FRIENDS WITH MONEY
Part of the charm of Nicole Holofcener's films lies in their autobiographical flavor, like cream skimmed off the tops of her and her friends' lives. Not the cataclysmic boldface events, but rather the lower-case obsessions: women's abiding insecurity, at almost every age, about their bodies (Lovely and Amazing), or their possessiveness and envy of girlfriends who marry and "betray" the friendship (Walking and Talking).
Now, in the chick-centric comedy-drama Friends with Money (which opened the 2006 Sundance Festival), the filmmaker takes on what looks to be her juiciest topic: the impact of financial status on the lives and relationships of four L.A.-based, forty-something longtime friends. Disappointingly, though, Holofcener never hones in on the money thing as much as explores the varieties of discontent that plague marriages, and skims over the perverse downward mobility of their renegade single friend. What Holofcener does get just right, as in her previous films, is the hum of irritation, like some background Muzak, generated by couples who are a lot more fortunate than most of the world.
Jane (Frances McDormand), an asp-tongued designer, can find little right with her goodhearted mate Aaron (the excellent Simon McBurney), who everyone suspects is gay. (In an ongoing joke, he's always hit on by studly guys.) The successful screenwriter team of Christine (Catherine Keener) and husband David (Jason Isaacs) are too busy remodeling their house (and ruining the neighbors' view) to rescue their embattled marriage. Cocooned by wealth, Franny (Joan Cusack) and Matt (Greg Germann) are smug to the point of comatose. Meanwhile, Jennifer Aniston's Olivia defies middle-class logic by cleaning houses for a living and working the cosmetics counters to score free samples.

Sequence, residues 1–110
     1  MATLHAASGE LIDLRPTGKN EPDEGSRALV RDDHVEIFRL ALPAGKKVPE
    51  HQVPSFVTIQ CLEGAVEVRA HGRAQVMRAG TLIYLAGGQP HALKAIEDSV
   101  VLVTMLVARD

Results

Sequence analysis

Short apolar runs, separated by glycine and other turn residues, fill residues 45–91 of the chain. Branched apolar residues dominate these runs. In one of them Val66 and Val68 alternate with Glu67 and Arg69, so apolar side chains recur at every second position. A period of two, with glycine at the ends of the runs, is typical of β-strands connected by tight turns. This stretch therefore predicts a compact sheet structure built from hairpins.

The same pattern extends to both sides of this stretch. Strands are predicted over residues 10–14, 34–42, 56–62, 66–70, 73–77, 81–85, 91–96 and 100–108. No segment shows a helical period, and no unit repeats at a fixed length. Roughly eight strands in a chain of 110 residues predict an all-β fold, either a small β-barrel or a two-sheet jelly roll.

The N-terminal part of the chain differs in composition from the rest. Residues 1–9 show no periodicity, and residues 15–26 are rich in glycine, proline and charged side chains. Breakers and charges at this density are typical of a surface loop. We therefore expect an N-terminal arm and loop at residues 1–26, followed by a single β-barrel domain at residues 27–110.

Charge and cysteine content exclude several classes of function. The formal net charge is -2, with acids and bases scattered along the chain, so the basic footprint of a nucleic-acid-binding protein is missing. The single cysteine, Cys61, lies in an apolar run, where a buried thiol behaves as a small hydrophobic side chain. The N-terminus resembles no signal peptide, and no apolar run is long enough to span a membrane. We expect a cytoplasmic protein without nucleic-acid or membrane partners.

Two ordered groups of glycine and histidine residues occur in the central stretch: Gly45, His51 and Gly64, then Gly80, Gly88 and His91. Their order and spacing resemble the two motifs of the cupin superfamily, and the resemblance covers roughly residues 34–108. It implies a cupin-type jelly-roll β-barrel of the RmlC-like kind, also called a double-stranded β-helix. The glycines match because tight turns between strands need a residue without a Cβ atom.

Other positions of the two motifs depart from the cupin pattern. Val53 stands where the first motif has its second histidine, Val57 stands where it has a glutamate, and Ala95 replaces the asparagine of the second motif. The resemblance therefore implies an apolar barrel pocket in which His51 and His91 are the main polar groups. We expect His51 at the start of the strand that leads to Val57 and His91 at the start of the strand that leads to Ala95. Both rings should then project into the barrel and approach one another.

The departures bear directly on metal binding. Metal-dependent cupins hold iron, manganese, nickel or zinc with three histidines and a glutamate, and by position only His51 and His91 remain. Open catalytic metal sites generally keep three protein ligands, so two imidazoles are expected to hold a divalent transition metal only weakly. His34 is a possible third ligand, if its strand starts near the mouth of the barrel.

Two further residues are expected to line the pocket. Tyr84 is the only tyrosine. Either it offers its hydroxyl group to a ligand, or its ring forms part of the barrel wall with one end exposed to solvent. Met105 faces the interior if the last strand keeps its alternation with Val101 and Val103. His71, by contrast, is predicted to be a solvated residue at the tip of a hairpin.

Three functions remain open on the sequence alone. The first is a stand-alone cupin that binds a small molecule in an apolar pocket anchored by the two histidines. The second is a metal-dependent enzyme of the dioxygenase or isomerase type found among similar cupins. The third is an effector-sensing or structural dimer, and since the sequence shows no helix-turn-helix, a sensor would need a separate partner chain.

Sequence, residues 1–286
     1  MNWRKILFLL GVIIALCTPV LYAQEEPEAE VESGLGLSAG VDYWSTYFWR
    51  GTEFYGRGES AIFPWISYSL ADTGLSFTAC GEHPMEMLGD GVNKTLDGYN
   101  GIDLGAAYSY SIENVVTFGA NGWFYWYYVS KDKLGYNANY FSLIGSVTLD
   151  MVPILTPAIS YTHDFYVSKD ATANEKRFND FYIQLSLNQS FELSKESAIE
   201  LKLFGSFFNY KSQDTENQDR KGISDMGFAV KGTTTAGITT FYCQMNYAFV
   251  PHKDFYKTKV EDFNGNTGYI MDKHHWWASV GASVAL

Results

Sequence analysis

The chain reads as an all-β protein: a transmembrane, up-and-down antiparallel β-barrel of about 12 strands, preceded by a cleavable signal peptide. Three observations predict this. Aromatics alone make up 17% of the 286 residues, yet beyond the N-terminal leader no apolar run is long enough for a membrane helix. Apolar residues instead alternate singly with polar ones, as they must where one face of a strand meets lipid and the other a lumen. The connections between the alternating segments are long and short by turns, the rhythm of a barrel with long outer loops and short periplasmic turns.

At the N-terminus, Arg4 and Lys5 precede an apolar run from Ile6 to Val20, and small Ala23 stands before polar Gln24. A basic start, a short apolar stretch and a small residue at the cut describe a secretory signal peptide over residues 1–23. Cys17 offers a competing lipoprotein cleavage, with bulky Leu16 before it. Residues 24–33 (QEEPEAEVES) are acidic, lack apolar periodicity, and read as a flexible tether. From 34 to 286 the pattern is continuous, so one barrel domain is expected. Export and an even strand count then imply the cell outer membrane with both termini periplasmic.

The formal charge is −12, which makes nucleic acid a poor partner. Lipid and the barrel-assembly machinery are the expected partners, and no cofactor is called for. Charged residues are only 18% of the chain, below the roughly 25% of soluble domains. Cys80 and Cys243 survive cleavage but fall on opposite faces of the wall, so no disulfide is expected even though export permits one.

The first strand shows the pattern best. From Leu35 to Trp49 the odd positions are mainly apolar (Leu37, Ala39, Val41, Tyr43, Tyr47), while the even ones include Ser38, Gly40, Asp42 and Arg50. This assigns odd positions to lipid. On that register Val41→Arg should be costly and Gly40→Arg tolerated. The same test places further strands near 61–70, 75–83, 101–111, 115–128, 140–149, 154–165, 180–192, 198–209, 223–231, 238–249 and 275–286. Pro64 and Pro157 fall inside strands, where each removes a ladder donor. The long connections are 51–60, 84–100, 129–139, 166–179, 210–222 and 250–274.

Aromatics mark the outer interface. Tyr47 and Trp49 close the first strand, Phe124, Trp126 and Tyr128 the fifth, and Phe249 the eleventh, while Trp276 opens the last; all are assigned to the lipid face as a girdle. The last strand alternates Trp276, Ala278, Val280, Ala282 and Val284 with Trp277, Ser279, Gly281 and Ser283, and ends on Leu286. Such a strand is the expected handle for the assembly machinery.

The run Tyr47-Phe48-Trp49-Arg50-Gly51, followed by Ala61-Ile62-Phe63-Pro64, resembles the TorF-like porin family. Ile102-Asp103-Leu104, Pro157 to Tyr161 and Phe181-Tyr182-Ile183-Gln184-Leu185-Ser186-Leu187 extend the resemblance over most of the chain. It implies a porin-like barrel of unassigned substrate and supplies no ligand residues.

In the meatiest role, the reliably fine McDormand's Jane is beset by an amorphous midlife crisis (or early menopause), outrageously venting at husband and strangers alike. But indie stalwart Keener's thin-skinned Christine seems barely distinct from her persona in previous projects. Aniston delivers an amusing, vanity-free Olivia-and almost makes plausible her masochistic liaison with an obnoxious personal trainer, who accompanies her on jobs, sleeps with her there, and then demands a cut.
The trouble is, what's Olivia problem? To her credit, Holofcener doesn't hang backstory on her characters-but Olivia plays like a crazy lady who may very well exist in real life, but simply doesn't jell on screen. Holofcener has the lightest of touches, resisting Hollywood's phony transformative character arcs, and settling more realistically for incremental changes. Still, for all its Sundance cool factor, the latest from this gifted director glances off the viewer without leaving much impact.
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» Blue Sheets
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